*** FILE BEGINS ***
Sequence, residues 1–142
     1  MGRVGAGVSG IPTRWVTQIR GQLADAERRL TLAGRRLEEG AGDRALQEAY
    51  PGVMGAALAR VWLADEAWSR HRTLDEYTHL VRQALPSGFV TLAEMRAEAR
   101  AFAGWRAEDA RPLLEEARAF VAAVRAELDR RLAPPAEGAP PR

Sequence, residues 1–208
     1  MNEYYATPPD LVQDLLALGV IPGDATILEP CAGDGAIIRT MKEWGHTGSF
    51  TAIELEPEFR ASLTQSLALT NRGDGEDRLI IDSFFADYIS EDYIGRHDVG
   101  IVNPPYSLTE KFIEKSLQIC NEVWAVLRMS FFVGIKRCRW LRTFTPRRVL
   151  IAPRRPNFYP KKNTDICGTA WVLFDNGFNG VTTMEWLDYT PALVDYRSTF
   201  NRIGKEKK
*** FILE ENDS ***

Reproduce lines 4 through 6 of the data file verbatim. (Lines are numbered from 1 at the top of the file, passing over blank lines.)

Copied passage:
   101  AFAGWRAEDA RPLLEEARAF VAAVRAELDR RLAPPAEGAP PR

Sequence, residues 1–208
     1  MNEYYATPPD LVQDLLALGV IPGDATILEP CAGDGAIIRT MKEWGHTGSF